intensive

adjective
in·​ten·​sive | \in-ˈten(t)-siv \

Definition of intensive 

(Entry 1 of 2)

: of, relating to, or marked by intensity or intensification: such as

a : highly concentrated intensive study

b : tending to strengthen or increase especially : tending to give force or emphasis intensive adverb

c : constituting or relating to a method designed to increase productivity by the expenditure of more capital and labor rather than by increase in scope intensive farming

intensive

noun

Definition of intensive (Entry 2 of 2)

: an intensive linguistic element

Keep scrolling for more

Other Words from intensive

Adjective

intensively adverb
intensiveness noun

intensive purposes or intents and purposes?

If you are casting about for the phrase that is used to say that “one thing has the same effect or result as something else,” you are looking for for all intents and purposes; you are not looking for intensive purposes. Your purposes may indeed be intensive in some way (we don’t want to know the details), but these two words are not commonly found together as an idiom. The pairing of intents and purposes comes from a 1546 Act of Parliament conveying that King Henry VIII had unlimited power to interpret laws; it contained the phrase “to all intents, constructions, and purposes.”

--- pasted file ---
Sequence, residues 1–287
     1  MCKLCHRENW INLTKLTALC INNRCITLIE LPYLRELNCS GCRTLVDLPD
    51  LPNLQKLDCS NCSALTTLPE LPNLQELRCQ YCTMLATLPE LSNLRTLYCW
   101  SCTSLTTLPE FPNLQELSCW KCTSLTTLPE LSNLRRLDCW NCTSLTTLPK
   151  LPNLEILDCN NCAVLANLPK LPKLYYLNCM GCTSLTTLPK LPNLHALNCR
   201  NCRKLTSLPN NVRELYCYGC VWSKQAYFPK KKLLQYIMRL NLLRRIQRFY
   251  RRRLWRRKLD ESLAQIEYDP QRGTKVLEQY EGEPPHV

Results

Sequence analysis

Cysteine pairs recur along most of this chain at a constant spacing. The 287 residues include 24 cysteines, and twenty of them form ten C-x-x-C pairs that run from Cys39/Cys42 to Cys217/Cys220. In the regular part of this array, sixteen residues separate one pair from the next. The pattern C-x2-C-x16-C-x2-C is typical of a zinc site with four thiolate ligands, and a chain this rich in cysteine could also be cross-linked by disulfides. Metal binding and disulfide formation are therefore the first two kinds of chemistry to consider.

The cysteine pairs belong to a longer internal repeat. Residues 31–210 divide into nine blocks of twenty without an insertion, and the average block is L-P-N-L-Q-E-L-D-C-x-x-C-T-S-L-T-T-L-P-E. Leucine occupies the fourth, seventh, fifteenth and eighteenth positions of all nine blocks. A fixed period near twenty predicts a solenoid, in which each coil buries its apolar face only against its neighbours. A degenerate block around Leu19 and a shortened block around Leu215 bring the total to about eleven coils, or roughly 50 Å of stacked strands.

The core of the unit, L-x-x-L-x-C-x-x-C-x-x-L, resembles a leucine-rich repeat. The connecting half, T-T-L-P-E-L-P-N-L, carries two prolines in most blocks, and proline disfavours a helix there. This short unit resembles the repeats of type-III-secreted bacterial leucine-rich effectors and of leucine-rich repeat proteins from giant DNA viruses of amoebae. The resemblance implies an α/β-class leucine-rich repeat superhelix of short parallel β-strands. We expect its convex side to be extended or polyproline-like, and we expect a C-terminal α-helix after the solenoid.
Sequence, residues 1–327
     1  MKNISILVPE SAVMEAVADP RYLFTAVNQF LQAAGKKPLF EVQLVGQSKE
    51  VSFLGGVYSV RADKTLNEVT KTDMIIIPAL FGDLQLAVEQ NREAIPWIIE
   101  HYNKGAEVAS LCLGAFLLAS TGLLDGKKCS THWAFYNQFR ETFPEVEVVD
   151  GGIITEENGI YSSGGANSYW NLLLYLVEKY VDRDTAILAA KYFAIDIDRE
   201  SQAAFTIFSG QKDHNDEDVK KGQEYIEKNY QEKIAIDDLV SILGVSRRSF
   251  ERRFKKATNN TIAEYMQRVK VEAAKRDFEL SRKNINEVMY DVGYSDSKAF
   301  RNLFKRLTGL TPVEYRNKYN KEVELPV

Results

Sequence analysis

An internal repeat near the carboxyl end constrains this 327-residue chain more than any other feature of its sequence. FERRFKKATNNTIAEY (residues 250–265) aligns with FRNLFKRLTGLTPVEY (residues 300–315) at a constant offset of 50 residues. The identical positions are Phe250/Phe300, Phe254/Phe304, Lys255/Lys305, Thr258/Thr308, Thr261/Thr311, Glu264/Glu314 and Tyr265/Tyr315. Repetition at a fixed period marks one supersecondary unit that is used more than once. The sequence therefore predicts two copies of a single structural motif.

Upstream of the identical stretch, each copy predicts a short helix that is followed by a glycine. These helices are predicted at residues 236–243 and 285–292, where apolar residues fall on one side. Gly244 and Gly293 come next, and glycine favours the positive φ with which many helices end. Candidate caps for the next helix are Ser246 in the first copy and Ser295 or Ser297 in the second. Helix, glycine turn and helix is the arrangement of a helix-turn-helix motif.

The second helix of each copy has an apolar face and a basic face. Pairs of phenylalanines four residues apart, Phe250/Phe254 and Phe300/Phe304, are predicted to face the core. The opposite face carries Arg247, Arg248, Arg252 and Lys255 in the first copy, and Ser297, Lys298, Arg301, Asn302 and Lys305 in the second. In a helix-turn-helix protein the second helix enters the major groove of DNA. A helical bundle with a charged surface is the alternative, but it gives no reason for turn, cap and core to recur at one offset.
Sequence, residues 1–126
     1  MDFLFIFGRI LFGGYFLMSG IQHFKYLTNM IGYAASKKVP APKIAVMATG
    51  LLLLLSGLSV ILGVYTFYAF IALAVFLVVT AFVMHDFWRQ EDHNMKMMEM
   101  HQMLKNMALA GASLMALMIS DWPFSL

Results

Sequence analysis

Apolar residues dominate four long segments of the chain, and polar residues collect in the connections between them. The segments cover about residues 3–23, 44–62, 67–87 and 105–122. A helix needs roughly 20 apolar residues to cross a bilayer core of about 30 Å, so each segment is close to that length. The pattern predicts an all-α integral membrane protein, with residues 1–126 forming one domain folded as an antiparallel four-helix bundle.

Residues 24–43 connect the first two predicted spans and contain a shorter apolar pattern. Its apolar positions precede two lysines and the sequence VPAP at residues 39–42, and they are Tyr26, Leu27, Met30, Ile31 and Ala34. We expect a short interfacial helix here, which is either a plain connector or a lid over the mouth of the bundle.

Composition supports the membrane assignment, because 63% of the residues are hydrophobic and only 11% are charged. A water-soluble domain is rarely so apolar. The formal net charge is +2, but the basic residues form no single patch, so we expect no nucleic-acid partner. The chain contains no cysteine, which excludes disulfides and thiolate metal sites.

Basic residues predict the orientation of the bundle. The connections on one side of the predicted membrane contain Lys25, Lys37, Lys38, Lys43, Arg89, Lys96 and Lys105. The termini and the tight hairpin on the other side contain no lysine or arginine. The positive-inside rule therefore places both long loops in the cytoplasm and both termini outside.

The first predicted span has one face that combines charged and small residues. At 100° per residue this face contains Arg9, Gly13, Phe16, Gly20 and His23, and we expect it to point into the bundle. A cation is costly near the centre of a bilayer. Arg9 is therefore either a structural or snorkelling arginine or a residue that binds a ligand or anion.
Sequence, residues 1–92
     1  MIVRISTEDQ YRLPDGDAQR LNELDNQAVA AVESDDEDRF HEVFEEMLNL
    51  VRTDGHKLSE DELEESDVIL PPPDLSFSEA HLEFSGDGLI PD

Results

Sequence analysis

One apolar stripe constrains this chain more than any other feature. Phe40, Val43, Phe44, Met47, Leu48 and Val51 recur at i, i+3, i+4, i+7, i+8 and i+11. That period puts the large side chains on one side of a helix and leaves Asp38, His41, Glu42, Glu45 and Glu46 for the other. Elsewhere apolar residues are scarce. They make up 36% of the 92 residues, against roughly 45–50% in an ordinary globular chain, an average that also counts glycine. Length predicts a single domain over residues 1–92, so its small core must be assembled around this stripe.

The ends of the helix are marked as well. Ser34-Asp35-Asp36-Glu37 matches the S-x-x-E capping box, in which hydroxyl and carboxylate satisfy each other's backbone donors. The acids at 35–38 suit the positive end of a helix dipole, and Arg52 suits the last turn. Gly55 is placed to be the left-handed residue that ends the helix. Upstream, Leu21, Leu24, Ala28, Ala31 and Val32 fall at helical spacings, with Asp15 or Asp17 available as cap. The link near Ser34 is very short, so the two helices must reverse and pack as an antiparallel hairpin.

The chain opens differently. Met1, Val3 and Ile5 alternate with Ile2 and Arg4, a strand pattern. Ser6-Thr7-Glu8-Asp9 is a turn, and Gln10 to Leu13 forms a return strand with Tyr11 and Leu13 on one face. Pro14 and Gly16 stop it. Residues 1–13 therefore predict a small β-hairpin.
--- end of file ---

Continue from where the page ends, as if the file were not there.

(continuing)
Examples of intensive in a Sentence

Adjective

an intensive course in business writing an intensive effort to prevent an adult bookstore from opening in town

Recent Examples on the Web: Adjective